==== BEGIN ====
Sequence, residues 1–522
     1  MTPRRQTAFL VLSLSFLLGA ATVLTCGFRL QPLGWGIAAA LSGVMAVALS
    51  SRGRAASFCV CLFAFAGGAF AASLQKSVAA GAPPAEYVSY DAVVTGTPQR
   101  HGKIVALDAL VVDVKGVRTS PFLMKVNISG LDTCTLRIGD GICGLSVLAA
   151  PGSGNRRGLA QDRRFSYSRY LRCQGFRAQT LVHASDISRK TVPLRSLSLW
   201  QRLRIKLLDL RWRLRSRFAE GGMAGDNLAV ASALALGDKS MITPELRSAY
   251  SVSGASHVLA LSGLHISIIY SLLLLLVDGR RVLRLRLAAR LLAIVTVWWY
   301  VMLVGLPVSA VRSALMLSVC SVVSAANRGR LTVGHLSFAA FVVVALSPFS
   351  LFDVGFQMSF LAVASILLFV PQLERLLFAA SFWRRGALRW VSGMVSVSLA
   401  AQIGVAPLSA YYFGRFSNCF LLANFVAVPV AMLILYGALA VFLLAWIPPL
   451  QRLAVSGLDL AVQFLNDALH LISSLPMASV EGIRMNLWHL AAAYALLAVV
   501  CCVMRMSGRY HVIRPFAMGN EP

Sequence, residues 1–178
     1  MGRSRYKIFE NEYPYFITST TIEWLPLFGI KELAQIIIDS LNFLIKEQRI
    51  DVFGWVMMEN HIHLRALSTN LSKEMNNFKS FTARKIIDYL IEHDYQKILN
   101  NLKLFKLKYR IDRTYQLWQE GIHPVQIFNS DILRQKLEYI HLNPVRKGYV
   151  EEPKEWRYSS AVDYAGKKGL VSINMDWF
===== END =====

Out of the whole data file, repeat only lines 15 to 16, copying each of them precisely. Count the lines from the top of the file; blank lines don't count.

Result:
    51  DVFGWVMMEN HIHLRALSTN LSKEMNNFKS FTARKIIDYL IEHDYQKILN
   101  NLKLFKLKYR IDRTYQLWQE GIHPVQIFNS DILRQKLEYI HLNPVRKGYV